Fresh Out Of Film School — New Directors To Watch From NYU Tisch School of the Arts, 2019
Now that the summer season has officially begun, it’s a perfect time to highlight the work of filmmakers who are making the transition from film school student to professional. Many of the best film schools in the country hold their own student showcase or film festival at the end of the school year, to celebrate student work and even dish out awards and prizes.
This week, we cover the most prestigious film school on the east coast: NYU Tisch School of the Arts. Each year NYU holds the First Run Film Festival, an awards ceremony that honors the best in graduate and undergraduate productions that year.
While most film school programs only offer their students exposure, NYU gives out cold hard cash. Over $50,000 in prizes are given out, offering the winning students more than enough to begin their next project. This particular festival’s legacy also adds to its reputation. Throughout NYU’s storied history, many major auteurs, including Oliver Stone, Spike Lee and Jim Jarmusch, have been featured here.
Here are the major winners of the 2019 First Run Festival at NYU Tisch School of the Arts.
King Awards Undergraduate — 1st Prize
“Champions” —Dir. Alfonso Morgan-Terrero
Logline: A Bronx High School Baseball prodigy struggles with feelings of unrequited love from his closest companion and teammate as he prepares to leave home for the first time.
Director Alfonso Morgan-Terrero brings his experience of a Bronx-centric upbringing to this winning film. Citing such diverse influences as realist panting and the films of Edward Yang, Morgan-Terrero and his pair of DPs no doubt brought a very sophisticated style to this short. Morgan-Terrero is also a world-traveler, and one can tell that his handle on multiple viewpoints and perspectives went into a film that is still partly autobiographical.
He is already at work on his next project, Verde. This feature looks to be more ambitious (and perhaps kickstarted by the accolades in this one). It follows three young Dominican men as they deal with the repercussions of a botched gold mine robbery.
King Awards Undergraduate — 2nd Prize
“Silhouette City” — Dir. Poulomi Mukherji
Logline: A shadow accidentally separates from the young boy it belongs to and ends up in stranded in New York City. Over the course of several years, the shadow learns to become it’s own being in the bustling city, but struggles with its desire to reunite with its human self.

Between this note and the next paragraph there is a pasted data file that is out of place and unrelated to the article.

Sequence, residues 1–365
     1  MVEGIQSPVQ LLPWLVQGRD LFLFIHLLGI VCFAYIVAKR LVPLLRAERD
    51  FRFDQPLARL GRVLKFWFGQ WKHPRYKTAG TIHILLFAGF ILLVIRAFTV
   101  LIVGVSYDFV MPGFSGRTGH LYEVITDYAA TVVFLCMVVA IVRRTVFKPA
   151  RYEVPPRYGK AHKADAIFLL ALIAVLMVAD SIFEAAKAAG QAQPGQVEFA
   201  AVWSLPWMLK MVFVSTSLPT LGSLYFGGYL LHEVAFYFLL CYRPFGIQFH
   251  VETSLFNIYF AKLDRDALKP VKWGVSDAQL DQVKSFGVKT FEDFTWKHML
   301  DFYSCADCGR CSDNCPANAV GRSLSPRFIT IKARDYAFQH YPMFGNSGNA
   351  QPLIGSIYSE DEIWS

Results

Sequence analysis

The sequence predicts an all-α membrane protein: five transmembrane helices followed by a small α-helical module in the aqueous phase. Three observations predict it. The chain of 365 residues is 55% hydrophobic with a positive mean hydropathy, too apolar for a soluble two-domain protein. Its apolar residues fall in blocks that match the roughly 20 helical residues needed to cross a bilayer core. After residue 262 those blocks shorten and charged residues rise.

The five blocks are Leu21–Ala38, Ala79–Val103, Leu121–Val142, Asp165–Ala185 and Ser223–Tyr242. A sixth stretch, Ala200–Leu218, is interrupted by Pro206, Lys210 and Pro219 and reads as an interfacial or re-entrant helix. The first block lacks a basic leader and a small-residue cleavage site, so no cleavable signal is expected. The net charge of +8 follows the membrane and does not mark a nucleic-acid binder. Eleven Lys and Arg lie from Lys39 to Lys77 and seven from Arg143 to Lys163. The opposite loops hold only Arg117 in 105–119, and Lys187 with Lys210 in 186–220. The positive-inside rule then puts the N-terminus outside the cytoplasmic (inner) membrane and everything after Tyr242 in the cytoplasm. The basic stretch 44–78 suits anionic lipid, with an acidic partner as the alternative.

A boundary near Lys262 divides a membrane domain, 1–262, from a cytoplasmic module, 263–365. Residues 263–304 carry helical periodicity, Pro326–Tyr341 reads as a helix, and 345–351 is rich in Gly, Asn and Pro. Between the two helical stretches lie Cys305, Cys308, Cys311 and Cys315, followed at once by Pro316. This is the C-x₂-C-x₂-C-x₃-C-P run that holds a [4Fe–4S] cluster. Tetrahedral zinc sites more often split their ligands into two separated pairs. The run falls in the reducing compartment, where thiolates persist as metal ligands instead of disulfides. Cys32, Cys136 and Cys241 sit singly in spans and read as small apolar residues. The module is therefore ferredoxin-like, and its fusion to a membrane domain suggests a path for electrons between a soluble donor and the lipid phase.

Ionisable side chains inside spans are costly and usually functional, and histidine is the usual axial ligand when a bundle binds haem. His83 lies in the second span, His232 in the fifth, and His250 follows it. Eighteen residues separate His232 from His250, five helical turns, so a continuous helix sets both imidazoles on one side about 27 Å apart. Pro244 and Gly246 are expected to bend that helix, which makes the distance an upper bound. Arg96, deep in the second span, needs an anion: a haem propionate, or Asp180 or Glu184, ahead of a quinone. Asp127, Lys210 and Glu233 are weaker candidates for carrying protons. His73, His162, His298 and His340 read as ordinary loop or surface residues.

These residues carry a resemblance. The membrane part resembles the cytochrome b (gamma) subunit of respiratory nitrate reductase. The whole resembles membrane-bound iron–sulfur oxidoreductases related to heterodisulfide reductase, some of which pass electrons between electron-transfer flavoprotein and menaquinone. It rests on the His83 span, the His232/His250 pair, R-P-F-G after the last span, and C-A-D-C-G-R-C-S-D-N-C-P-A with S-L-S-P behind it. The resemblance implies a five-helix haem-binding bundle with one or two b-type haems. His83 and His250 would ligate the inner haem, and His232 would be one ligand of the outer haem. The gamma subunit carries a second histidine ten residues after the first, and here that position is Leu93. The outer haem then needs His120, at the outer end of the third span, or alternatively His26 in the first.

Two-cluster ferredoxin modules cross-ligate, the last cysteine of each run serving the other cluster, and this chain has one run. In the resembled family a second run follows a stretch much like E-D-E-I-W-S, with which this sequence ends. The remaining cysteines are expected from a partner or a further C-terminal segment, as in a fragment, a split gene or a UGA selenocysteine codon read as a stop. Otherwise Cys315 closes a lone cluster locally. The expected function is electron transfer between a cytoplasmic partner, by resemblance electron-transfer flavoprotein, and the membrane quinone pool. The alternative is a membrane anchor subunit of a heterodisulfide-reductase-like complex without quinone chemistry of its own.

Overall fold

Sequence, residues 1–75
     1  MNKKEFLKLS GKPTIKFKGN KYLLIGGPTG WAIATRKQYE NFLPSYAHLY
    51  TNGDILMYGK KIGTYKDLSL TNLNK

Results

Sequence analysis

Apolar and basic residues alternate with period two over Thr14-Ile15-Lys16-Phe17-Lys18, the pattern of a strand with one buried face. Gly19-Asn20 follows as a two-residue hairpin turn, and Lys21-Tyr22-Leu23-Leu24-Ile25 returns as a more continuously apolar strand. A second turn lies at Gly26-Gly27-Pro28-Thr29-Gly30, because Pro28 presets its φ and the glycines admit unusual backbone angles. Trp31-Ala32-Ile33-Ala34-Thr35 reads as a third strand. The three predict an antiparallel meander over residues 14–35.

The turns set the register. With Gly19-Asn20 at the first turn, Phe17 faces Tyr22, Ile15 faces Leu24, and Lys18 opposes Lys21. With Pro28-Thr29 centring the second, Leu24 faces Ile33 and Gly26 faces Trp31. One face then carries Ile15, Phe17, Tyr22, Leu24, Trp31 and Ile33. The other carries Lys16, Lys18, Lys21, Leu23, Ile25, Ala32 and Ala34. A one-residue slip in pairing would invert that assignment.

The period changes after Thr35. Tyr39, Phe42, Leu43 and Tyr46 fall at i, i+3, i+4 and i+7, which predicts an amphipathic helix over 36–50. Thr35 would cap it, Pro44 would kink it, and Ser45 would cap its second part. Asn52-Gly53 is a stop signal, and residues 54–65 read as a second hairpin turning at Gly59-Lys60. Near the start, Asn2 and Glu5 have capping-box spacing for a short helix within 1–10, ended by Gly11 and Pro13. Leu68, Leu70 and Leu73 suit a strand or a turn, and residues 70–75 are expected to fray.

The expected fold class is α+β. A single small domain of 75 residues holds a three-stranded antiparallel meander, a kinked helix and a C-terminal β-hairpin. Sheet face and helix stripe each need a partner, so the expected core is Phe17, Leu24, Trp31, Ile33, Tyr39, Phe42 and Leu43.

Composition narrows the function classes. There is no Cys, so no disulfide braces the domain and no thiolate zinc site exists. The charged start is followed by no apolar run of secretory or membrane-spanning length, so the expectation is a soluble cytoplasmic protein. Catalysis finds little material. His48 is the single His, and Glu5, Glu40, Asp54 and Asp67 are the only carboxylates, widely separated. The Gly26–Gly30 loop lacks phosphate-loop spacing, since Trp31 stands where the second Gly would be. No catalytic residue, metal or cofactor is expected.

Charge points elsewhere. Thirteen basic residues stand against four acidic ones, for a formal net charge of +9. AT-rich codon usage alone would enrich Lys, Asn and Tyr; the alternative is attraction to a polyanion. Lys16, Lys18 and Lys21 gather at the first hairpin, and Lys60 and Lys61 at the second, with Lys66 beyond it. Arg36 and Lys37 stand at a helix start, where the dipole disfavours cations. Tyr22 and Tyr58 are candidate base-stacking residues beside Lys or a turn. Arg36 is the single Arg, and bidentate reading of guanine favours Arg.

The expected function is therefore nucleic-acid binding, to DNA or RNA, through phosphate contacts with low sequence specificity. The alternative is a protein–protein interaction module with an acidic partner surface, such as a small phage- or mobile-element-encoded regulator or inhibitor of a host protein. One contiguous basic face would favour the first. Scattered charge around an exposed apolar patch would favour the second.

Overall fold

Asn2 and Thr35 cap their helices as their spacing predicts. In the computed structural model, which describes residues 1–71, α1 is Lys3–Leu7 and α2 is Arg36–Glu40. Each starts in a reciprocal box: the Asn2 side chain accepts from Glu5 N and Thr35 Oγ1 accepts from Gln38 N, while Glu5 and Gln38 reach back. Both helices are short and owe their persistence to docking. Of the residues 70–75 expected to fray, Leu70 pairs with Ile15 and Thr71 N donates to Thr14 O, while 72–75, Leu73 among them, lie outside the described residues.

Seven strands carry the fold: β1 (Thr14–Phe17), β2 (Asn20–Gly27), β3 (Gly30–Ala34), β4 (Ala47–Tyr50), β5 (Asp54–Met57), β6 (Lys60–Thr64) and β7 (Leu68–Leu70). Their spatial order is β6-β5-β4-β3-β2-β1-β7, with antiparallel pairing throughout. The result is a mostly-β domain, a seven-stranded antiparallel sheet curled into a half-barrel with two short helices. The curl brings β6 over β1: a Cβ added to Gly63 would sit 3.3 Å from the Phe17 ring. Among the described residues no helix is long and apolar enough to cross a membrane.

Poulomi Mukherji is a bit of an artistic renaissance woman, with strong abilities in animation, direction and storyboard artistry. She has already worked independently with huge clients like Spotify, NBC Universal and Yale. But her film work remains a very personal part of what she does, and Silhouette City is a fine example of this. Just from the trailer’s soundtrack alone, you get a sense of the space and atmosphere Mukherji is creating with her special approach to stop-motion. Equal parts playful and emotional, we cannot wait to see her next narrative film (when she finds the time between juggling all of those other creative projects).
King Awards Undergraduate —3rd Prize
“Dirty Blonde” — Dir. Razieme Iborra
Logline: Spending her life in a cigarette-stained trailer and forced into her mother’s ring of prostitution, Shaye Rankin longs to escape the dirt of her upbringing, quickly finding herself caught between the only family she’s ever known, in exchange for the men she dreams to know.
Ever since coming to NYU from her birth town of Massillon, Ohio, Razieme Iborra has been ready to break out in a big way. Before getting a prize for Dirty Blonde, Iborra has already made some stunning work, including the gritty portrait of a life in Body Electric. She continues her theme of gritty stories of women in tough life situations with Dirty Blonde. In this film she continues to work out a certain New Hollywood aesthetic (high grain and earthy tones), though this time she chooses a wider frame on which to compose. Iborra currently acts as the Creative Producer for the agency Rebel Motion and is readying a narrative feature — which we fully expect to be embraced by the larger festival community.